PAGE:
Like the fictional parents in the edgy comedy show South Park who blame Canada for all of their woes, environmentalists often coalesce around

I’ve always been interested in how changes in agricultural production practices impact the environment. In particular, I’ve followed the adoption of genetically modified (GM) crops since I was an undergraduate, and try to stay up to date on research relating to the environmental impact associated with these crops.

Though pesticides are getting all of the attention from environmental groups when it comes to concern about bees, the science community instead knows it is mites and climate - were it as simple as pesticides, places like Australia and the United States, where the neonicotinoids often blamed by activists are common, would show losses, but instead they were limited to one section of Europe. 

One of the questions raised by the prospect of climate change is whether it could cause more species of animals to interbreed. Two species of flying squirrel have already produced mixed offspring and those have somehow been blamed on climate change, along with a hybrid polar bear and grizzly bear cub (known as a grolar bear, or a pizzly). 

A paper in Nature Climate Change tallies the potential number of such pairings and across North and South America it estimates that only about 6 percent of closely related species whose ranges do not currently overlap are likely to come into contact by the end of this century. 

Researchers at the University of Georgia have a message for Southern tree farmers worried about unexplainable pine tree deaths: Don't panic.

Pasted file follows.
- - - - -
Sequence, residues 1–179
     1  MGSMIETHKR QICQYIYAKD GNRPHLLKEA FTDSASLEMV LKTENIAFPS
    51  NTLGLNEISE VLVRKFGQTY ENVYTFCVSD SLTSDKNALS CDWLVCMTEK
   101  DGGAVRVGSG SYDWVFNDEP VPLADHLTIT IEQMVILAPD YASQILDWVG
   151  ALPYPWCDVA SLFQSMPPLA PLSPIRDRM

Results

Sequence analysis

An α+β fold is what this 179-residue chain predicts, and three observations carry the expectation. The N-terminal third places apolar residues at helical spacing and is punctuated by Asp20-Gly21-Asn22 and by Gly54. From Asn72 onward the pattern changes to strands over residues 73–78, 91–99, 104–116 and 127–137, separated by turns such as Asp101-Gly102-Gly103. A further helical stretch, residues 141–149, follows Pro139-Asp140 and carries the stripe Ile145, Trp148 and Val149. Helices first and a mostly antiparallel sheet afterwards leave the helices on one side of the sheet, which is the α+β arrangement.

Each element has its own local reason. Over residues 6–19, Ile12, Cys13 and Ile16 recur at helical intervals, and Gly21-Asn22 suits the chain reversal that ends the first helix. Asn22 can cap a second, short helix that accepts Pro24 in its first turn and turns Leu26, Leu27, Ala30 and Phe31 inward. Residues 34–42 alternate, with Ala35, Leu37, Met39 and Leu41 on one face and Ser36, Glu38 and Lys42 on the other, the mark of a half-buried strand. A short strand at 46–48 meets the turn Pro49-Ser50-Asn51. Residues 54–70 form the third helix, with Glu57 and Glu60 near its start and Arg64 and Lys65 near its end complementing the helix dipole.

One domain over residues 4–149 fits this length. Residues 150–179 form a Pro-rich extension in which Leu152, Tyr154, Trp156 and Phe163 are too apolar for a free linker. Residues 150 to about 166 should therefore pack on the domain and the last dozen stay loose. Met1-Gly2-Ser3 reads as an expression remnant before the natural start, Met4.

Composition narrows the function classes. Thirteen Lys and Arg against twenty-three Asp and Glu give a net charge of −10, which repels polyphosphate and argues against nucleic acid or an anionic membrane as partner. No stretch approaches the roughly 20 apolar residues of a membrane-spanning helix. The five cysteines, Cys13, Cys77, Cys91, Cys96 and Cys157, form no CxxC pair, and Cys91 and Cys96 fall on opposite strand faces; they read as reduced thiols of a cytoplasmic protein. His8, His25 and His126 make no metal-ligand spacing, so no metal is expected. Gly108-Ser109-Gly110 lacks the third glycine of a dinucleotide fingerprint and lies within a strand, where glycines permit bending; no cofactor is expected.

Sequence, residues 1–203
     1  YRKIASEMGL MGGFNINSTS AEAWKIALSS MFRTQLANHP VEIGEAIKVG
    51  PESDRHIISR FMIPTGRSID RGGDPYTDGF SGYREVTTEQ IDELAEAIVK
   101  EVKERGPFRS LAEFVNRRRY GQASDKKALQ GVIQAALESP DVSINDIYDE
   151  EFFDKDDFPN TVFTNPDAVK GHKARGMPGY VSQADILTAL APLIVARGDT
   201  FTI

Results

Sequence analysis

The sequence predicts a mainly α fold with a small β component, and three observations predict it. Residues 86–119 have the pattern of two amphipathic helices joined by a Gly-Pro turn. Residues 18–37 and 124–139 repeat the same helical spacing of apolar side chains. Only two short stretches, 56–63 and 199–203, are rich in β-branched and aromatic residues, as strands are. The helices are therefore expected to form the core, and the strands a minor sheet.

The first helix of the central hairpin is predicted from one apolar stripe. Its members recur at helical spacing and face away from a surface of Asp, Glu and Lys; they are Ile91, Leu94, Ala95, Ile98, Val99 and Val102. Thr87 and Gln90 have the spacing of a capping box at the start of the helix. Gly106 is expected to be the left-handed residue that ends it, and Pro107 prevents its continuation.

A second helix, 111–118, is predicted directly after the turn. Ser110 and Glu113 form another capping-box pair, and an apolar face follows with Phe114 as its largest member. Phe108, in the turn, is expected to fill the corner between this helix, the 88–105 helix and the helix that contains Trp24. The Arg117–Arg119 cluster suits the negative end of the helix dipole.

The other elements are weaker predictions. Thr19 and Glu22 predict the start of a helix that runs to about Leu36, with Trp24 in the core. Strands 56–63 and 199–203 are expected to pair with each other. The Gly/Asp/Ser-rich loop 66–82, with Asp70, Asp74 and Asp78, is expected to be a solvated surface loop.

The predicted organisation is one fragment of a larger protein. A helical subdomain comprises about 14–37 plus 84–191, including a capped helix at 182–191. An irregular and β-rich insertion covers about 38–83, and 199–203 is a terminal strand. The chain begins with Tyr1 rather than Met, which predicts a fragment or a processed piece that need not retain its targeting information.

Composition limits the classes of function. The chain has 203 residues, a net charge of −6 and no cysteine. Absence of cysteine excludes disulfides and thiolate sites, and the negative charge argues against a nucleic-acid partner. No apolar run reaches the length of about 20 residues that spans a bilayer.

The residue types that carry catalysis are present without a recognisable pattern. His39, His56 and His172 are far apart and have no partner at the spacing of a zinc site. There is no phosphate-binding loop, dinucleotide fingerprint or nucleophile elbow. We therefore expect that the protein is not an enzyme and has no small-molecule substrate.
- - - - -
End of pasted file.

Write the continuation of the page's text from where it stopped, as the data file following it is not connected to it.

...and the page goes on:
Salmon are severely impacted by the loss of floodplain habitats near Oregon's Tillamook Bay, where nearly 90 percent of estuaries' tidal wetlands have been lost to development -- threatening the survival of coho salmon and the safety of the local community. Now, the Federal Emergency Management Agency, NOAA Fisheries, and others have come together to reduce flood risk, increase resiliency of the ecosystem, and restore salmon habitat in Tillamook Bay under the auspices of The Southern Flow Corridor project, as the proposed collaborative effort is known. It will reconnect over 500 acres of floodplain habitat to two of the Bay's most productive salmon-bearing streams -- the Wilson and Trask Rivers.

By Katharine, Gammon, Inside Science -- In California’s current historic drought, there’s one particularly easy target when it comes to pointing fingers: green golf courses. Courses around the U.S. suck up around approximately 2.08 billion gallons of water per day for irrigation. That’s about 130,000 gallons per day per course, according to the golf industry. 

In California, Governor Jerry Brown has announced a statewide mandate to reduce water consumption by 25 percent – but that number actually varies depending on the water district, signifying a reduction of anywhere between 4 and 36 percent.

With infectious diseases increasing worldwide, the need to understand how and why disease outbreaks occur is becoming increasingly important. Looking for answers, a team of biologists found broad evidence that supports the controversial 'dilution effect hypothesis,' which suggests that biodiversity limits outbreaks of disease among humans and wildlife. 

"The dilution effect hypothesis is important because it warns that human-mediated biodiversity losses can exacerbate disease outbreaks, yet it has been contentiously debated," said study lead author Dr. David Civitello, postdoctoral researcher in the Department of Integrative Biology at University of South Florida. 

A comprehensive study of a major California estuary has documented the links between nutrient runoff from coastal land use, the health of the estuary as a nursery for young fish, and the abundance of fish in an offshore commercial fishery. The study focused on Elkhorn Slough and Monterey Bay on California's central coast. 

The worldwide demand for legumes, one of the world's most important agricultural food crops, is growing; at the same time, their production has been adversely affected by drought. In an Indiana University-Purdue University Indianapolis research paper published today in the journal PLOS ONE, researchers provide information that could help agricultural planning and management to minimize drought-induced yield losses.